Snake: They're struggling between freedom and order, and a new spirit of nationalism has been born.
    • Colonel Volgin in Metal Gear Solid 3: Snake Eater, an interesting example as the Soviet Union is still around during MGS3.
    • Subverted with the Soviet personnel in Metal Gear Solid: Portable Ops: They were doing exactly what the Soviet government told them to do on the San Hieronymo Peninsula (build a missile base), and carried on with the top-secret mission while suffering all the while specifically because they thought doing the mission under the Soviet government would greatly benefit Russia. However, when Detente came, and the Soviet Union experienced a policy shift, the Soviet government screwed them over, cancelling all shipments and cutting all communications with them, not even allowing them to come home specifically because they wanted to make it seem as though the Soviet soldiers were of this trope in case the missile base was ever discovered. Suffice to say, the soldiers weren't pleased at this development.
  • In Splinter Cell, General Kong Feirong and his faction of the PLA provide another Chinese example. Splinter Cell: Chaos Theory gives us a Japanese example in the form of Admiral Otomo and his ISDF faction.
  • GoldenEye (Wii) upgraded its Renegade Russians to accommodate advancing the story to 2010. General Ourumov became an under-the-table arms dealer out of jealousy toward rich, post-Soviet era oligarchs, while Xenia Onatopp is a veteran of the 2008 South Ossetia War who left the Russian army and went mercenary.
  • Older Than They Think trope as far as video game plots go, actually, particularly for Mil Sims. "Red" Russian forces bent on restoring the old Soviet system by taking control of nuclear arms and facilities in Murmansk and the Kola Peninsula have served as the plots for the original Ghost Recon game and the study combat flight sim Jane's F/A-18. Both games predate Modern Warfare by seven years.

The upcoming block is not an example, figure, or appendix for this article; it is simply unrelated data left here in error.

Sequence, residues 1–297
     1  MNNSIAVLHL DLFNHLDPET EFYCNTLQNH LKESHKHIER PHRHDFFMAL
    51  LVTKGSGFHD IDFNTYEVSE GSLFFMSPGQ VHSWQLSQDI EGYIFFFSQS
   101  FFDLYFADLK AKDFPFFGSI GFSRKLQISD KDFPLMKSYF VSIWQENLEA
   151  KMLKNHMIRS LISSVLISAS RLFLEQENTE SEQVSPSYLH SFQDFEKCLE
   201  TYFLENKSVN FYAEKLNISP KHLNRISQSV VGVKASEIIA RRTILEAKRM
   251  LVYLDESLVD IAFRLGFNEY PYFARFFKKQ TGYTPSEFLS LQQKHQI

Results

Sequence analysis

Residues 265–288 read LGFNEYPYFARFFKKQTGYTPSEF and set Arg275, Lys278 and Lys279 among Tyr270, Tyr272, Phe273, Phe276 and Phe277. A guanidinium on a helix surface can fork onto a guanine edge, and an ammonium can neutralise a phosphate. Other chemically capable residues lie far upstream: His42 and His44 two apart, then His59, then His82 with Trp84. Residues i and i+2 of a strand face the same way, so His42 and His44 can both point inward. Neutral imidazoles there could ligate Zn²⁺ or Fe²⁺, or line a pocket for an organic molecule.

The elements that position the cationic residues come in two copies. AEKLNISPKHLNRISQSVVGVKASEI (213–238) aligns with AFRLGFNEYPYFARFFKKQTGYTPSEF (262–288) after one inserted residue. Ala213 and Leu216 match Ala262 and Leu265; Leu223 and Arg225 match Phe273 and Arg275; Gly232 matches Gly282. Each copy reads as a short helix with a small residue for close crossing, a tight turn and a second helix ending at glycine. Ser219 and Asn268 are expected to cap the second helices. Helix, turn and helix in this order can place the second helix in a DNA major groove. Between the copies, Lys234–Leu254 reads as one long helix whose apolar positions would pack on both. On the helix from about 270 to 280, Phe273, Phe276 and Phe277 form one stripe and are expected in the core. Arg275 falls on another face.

• Colonel Markov, General Stanisgeslov, and Major Illich from Ace Combat: Assault Horizon, whose coup forces against the Russian government of 2016 are called the New Russian Federation (NRF).
  • Red Ivan from Evil Genius is an ex-Soviet commando who was exiled to a gulag for having a sadistic streak that even his old Soviet taskmasters found distasteful. Being betrayed left him disillusioned with Communism, but he also retains his hatred of western politics, making him the perfect tool for an Evil Genius out to cause global chaos. In the sequel, Ivan has now moved on to be a supervillain in his own right of The Generalissimo variety and now seeks to conquer the world for himself.
  • Modern military shooter spoof and Doom mod Call of Dooty parodies this. The player is clearly just fighting the same zombies, imps and demons from the core game, but the map designer just slapped a few hammer-and-sickles on the maps, while every character swears up and down that they're actually fighting Russians (on Phobos.)
  • Metro 2033: being set in a post-apocalyptic Moscow Metro, this was kind of inevitable. In the first game, you fight both the communist Red Line and the Russian Neo-Nazis of the Fourth Reich in order to reach your destination, and unaligned bandits on other occasions. In the second game, the Red Line are the main antagonists. To be fair, though, it's not like the Red Line have a monopoly on the ex-Soviet angle—it's heavily implied that Miller, the commanding officer of the much more heroic Rangers of the Order, formerly served in the real Red Army before the atomic hellfires forced the citizens of Moscow underground and wishes to recolonize the irradiated surface and restore Russia's glory, but knows that the dictatorships sought by the Red Line and the Fourth Reich aren't the way to achieve that.